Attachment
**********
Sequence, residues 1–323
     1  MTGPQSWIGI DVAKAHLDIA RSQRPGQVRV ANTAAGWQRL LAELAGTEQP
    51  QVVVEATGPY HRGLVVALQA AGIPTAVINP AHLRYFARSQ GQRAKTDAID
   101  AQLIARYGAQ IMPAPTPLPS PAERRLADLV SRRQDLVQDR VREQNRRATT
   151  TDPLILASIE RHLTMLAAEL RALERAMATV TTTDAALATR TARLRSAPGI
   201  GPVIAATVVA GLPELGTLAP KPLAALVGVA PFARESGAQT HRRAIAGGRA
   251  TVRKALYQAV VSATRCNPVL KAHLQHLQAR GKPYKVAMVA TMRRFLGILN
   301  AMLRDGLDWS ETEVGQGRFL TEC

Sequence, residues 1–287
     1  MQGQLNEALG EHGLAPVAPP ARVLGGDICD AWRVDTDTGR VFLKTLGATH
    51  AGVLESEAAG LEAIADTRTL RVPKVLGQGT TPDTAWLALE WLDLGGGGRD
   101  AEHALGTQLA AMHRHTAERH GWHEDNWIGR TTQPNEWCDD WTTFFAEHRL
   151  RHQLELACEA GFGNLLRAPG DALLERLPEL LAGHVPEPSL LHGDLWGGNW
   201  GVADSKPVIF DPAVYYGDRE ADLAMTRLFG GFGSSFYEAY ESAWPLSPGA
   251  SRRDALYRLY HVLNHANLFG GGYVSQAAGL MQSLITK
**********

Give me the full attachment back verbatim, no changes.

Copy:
Sequence, residues 1–323
     1  MTGPQSWIGI DVAKAHLDIA RSQRPGQVRV ANTAAGWQRL LAELAGTEQP
    51  QVVVEATGPY HRGLVVALQA AGIPTAVINP AHLRYFARSQ GQRAKTDAID
   101  AQLIARYGAQ IMPAPTPLPS PAERRLADLV SRRQDLVQDR VREQNRRATT
   151  TDPLILASIE RHLTMLAAEL RALERAMATV TTTDAALATR TARLRSAPGI
   201  GPVIAATVVA GLPELGTLAP KPLAALVGVA PFARESGAQT HRRAIAGGRA
   251  TVRKALYQAV VSATRCNPVL KAHLQHLQAR GKPYKVAMVA TMRRFLGILN
   301  AMLRDGLDWS ETEVGQGRFL TEC

Sequence, residues 1–287
     1  MQGQLNEALG EHGLAPVAPP ARVLGGDICD AWRVDTDTGR VFLKTLGATH
    51  AGVLESEAAG LEAIADTRTL RVPKVLGQGT TPDTAWLALE WLDLGGGGRD
   101  AEHALGTQLA AMHRHTAERH GWHEDNWIGR TTQPNEWCDD WTTFFAEHRL
   151  RHQLELACEA GFGNLLRAPG DALLERLPEL LAGHVPEPSL LHGDLWGGNW
   201  GVADSKPVIF DPAVYYGDRE ADLAMTRLFG GFGSSFYEAY ESAWPLSPGA
   251  SRRDALYRLY HVLNHANLFG GGYVSQAAGL MQSLITK